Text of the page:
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Two new publications at ICIDS 2018

We’re trying to get into the habit of posting about all our publications, so here’s a post about the two things (one poster and one demo) I just got back from presenting at ICIDS 2018 last week!

The poster is called “Sketching a Map of the Storylets Design Space”, and the associated paper can be found here. Abstract:

Linear and branching narrative structures are widespread in games, but limited in their dynamism and expressiveness. We consider the alternative storylets model of interactive narrative content, in which a game’s narrative is assembled from a database of discrete, reorderable narrative “chunks” or “modules” known as storylets. This paper represents a first attempt to map out the design space of storylet-based narrative systems in games. We define the common elements of storylet-based systems; categorize such systems along several distinct dimensions; and survey implementations of such systems in existing games.

As for the demo, it’s an AI-based narrative game called Throwing Bottles at God that uses predictive text as a game mechanic. I hope to release the game itself to the general public sometime soon, but for now, the associated paper can be found here. Abstract:

We present Throwing Bottles at God, an experimental interactive narrative game that makes use of a predictive text writing interface as both a game mechanic and a means by which to deliver narrative content. The player steps into the role of @dril, a well-known pseudonymous social media personality with a distinctive writing style, and authors short snippets of text while receiving suggestions from the game as to which word @dril might use next – suggestions supported by word pair frequency data extracted from the corpus of all existing tweets by the actual @dril. The game represents a first attempt to use AI-based game design to heighten the player’s awareness of AI algorithms, specifically predictive text algorithms, as they play a role in the player’s day-to-day life. It also blurs the line between player-authored and developer-authored narrative content by inviting players to freely mix snippets of developer-authored text into their own in-game social media posts as they compose them, resulting in player-assembled messages that embed sequences of words drawn both from an external corpus (the @dril corpus) and from developer-authored narrative content.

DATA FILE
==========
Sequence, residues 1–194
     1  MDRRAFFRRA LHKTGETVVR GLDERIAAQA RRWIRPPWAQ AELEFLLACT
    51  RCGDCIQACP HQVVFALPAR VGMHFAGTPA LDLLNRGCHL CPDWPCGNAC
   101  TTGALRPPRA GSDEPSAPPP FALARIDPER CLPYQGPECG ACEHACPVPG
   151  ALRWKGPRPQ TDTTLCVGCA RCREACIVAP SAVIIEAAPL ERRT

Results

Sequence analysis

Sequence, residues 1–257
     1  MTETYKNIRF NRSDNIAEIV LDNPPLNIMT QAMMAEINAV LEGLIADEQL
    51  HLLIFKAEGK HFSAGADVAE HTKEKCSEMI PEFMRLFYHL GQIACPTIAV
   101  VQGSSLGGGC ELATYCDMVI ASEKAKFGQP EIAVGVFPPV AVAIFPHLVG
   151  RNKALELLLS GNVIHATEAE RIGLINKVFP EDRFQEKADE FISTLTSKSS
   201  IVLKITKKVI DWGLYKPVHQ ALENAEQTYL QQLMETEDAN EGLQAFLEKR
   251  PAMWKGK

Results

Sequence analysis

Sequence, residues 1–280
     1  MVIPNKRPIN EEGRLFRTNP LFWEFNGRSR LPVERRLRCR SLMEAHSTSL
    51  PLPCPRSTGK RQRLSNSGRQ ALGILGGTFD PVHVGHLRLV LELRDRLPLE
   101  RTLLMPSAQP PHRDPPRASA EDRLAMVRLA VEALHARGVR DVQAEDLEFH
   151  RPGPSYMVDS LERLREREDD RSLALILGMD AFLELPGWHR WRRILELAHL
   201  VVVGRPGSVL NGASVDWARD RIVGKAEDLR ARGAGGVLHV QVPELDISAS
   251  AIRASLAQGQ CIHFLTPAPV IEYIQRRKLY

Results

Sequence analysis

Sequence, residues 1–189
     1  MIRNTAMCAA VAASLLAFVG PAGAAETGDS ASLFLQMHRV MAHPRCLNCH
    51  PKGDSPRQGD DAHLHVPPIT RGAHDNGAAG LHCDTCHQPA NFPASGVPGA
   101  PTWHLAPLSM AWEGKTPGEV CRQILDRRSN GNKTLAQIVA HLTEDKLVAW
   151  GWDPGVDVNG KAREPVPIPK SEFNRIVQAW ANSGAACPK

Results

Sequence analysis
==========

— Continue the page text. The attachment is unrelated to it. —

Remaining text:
Okay, that’s all for now. Sometime soon we’re hoping to have another post up about the exciting new game project the lab’s been working on this past quarter, so stay tuned!


About the author:  Max is a Computational Media PhD student at the Expressive Intelligence Studio. Read more from this author


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